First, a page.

Facebook to Set Up Shop in Israel's Tech Hub
Oct 14, 2013 4:07 PM PT
Facebook on Monday announced it was acquiring Onavo, a 3-year-old company that has developed a data compression technology for smartphones, among other things.
Based in Israel, Onavo will give Facebook a foothold in a market known for its advanced tech talent base. Onavo's Tel-Aviv office will become Facebook's new Israeli office.
While Facebook is clearly interested in global expansion, the driving focus behind this acquisition is most likely Onavo's technologies and the expertise of its 40-some employees. In addition to its mobile utility app, Onavo has launched a mobile market intelligence service based on real engagement data.
"Our service helps people save money through more efficient use of data and also helps developers, large and small, design better experiences for people," CEOs Guy Rosen and Roi Tiger said in a blog post about the deal.
Improving Facebook's Mobile Experience
It is a given that most social media companies could benefit from advanced mobile analytics, and that is especially true of Facebook, which is relying heavily on mobile advertising, Rob Enderle, principal of the Enderle Group, told The E-Commerce Times.
"Companies need [Facebook] to either showcase to advertisers that their mobile advertising strategies are working -- or if they are not working, to figure out how to make them work, "Enderle said.
The Onavo acquisition also could boost Facebook's other mobile initiatives, such as Facebook Home, said Sang Nam, an associate professor at Quinnipiac University.
However it uses the new company, "Facebook is making a bold statement by acquiring Onavo," he told the E-Commerce Times.
Onavo's creds in data compression are important, said Eyal Bino, founder of the Worldwide Investor Network.
"I know the company from when it first launched, and one of its motivating factors was when one of the founders went overseas on a trip and was shocked by the data costs from his cellphone carrier," Bino told the E-Commerce Times. "He came back with the idea of building something that will lower data costs for people who travel or roam from their networks."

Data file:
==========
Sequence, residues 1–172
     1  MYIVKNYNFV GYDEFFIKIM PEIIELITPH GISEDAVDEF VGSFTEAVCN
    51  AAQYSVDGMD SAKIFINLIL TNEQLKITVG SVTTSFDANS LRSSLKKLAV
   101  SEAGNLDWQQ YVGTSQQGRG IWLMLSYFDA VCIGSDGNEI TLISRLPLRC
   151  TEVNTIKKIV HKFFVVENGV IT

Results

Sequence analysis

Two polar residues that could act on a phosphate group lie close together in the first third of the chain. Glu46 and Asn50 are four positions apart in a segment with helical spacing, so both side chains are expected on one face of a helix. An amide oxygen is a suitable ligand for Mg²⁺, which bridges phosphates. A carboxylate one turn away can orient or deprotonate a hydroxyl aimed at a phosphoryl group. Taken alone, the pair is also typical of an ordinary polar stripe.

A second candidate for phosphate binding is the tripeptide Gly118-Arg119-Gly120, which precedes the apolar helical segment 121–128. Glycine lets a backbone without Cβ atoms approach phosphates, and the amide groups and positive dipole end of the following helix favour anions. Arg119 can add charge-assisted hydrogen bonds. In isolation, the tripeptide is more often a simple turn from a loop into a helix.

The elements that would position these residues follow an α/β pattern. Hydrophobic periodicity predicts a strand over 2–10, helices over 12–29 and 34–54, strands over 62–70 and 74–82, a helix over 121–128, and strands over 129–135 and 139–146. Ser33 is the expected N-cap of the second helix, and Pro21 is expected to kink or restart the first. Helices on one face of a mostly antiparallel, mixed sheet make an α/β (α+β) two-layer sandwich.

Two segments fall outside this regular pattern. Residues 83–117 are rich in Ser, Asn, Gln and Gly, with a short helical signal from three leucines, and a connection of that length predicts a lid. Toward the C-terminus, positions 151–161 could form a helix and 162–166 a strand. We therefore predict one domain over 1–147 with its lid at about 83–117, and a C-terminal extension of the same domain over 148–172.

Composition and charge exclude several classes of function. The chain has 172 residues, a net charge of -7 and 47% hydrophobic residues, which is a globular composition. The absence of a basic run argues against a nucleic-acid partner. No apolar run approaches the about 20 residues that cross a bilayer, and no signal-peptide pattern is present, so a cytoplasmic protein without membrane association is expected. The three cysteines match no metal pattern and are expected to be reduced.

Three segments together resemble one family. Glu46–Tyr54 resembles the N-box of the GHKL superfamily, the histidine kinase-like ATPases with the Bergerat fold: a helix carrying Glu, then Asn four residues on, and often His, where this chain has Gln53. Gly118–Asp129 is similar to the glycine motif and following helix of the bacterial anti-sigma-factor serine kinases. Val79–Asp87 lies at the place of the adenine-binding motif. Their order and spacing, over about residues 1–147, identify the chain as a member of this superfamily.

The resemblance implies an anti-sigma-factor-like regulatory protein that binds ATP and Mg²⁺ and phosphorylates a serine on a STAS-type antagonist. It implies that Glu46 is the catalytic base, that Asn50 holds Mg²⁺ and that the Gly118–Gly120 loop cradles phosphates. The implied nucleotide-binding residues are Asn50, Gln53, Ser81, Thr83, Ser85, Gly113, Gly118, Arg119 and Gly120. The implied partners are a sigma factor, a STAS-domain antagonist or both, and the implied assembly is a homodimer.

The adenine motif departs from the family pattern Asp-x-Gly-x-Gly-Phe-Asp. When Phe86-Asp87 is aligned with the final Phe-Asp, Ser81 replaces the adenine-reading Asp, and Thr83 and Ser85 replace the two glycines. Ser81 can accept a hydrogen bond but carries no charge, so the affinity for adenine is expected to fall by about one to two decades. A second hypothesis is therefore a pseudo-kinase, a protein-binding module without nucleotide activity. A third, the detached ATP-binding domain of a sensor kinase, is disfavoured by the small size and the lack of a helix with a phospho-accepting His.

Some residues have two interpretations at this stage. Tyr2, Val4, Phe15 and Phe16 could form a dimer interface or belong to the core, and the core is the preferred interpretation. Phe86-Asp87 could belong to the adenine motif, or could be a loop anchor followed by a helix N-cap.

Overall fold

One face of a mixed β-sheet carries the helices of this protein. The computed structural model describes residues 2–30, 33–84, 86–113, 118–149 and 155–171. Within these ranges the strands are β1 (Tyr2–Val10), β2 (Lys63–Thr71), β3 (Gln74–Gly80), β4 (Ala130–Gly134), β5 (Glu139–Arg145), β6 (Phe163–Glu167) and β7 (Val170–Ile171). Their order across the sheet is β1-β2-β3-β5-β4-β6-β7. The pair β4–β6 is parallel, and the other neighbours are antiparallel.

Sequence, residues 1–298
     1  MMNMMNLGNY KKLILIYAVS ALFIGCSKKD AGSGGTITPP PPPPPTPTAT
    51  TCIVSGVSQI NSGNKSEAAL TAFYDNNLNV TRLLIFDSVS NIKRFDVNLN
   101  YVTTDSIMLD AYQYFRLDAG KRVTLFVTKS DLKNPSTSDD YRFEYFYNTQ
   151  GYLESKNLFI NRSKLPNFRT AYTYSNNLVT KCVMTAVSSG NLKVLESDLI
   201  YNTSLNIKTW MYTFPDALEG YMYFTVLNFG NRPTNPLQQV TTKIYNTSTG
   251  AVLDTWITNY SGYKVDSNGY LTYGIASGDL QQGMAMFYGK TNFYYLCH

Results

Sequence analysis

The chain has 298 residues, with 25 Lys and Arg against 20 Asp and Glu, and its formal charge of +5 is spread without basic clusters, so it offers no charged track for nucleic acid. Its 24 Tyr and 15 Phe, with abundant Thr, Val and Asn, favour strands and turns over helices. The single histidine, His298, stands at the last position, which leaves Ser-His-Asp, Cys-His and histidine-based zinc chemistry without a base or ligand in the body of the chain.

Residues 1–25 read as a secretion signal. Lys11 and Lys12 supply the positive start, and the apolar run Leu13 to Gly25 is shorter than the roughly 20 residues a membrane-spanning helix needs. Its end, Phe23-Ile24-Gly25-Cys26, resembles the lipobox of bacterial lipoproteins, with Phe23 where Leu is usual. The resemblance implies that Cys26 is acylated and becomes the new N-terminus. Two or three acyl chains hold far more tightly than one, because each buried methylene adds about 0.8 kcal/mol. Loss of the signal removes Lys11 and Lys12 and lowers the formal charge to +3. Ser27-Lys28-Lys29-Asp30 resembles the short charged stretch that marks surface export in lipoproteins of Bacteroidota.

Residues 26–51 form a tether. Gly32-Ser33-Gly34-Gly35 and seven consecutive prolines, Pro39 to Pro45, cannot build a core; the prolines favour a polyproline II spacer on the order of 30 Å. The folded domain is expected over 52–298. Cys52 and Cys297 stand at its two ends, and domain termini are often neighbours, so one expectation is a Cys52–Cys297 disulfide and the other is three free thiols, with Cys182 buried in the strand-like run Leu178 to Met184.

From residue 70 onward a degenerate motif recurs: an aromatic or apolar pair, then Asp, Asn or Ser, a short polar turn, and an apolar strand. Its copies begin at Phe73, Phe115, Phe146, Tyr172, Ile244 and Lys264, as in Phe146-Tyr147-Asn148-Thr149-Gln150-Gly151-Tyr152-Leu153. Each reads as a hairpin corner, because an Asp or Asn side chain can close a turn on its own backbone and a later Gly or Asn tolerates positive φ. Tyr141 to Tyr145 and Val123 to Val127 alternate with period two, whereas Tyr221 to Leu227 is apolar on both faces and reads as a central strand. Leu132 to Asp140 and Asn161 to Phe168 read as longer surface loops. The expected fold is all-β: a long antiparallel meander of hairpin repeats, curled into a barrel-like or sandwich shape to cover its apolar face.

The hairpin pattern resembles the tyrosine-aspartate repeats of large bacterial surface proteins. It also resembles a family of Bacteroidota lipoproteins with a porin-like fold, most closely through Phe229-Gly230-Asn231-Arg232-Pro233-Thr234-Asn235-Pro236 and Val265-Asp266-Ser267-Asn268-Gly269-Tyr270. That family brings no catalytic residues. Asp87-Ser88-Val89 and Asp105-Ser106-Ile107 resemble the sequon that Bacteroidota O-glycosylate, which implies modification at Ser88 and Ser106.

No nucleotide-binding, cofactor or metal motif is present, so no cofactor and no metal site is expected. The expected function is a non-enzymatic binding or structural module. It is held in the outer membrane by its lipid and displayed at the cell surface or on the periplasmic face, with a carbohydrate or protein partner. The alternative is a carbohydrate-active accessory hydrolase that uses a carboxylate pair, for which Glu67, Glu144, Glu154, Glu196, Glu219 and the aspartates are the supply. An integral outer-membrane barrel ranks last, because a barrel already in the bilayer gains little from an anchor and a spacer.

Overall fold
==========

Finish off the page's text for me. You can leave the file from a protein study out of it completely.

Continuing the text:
For Facebook, such technology is key as more people access its network from their mobile devices.
"Facebook doesn't want to see people limiting their use of Facebook -- not watching videos or clicking on ads because of limited bandwidth," Bino said.
Accessing Israel's Tech Talent
It is an added bonus that this technology is available from a company in Israel, Bino added.
"Acquiring Onavo gives Facebook much better access to innovation in Israel. They will have access to companies in earlier stages of innovations and get to know the entrepreneurs behind these companies," he pointed out.
This deal is unusual in that most of Onavo's employees will stay in Tel Aviv instead of moving to Facebook's Menlo Park, Calif., headquarters, noted Quinnipiac's Nam.
"It's meaningful that Facebook now has its very first office in Israel," he said. It also furthers Facebook's plan to expand worldwide.
"About a month ago, Facebook published 'Is Connectivity A Human Right?' and this move seems to be connected to Facebook's ambition to connect the world," Nam said.
Investors Like It
Another advantage to the deal, Nam said, is that investors seem to like it.
"Its stock price went up instantly after announcing its acquisition," he pointed out. "Whether Onavo will help Facebook to make more profit or not, it's all about the perception that Facebook is expanding."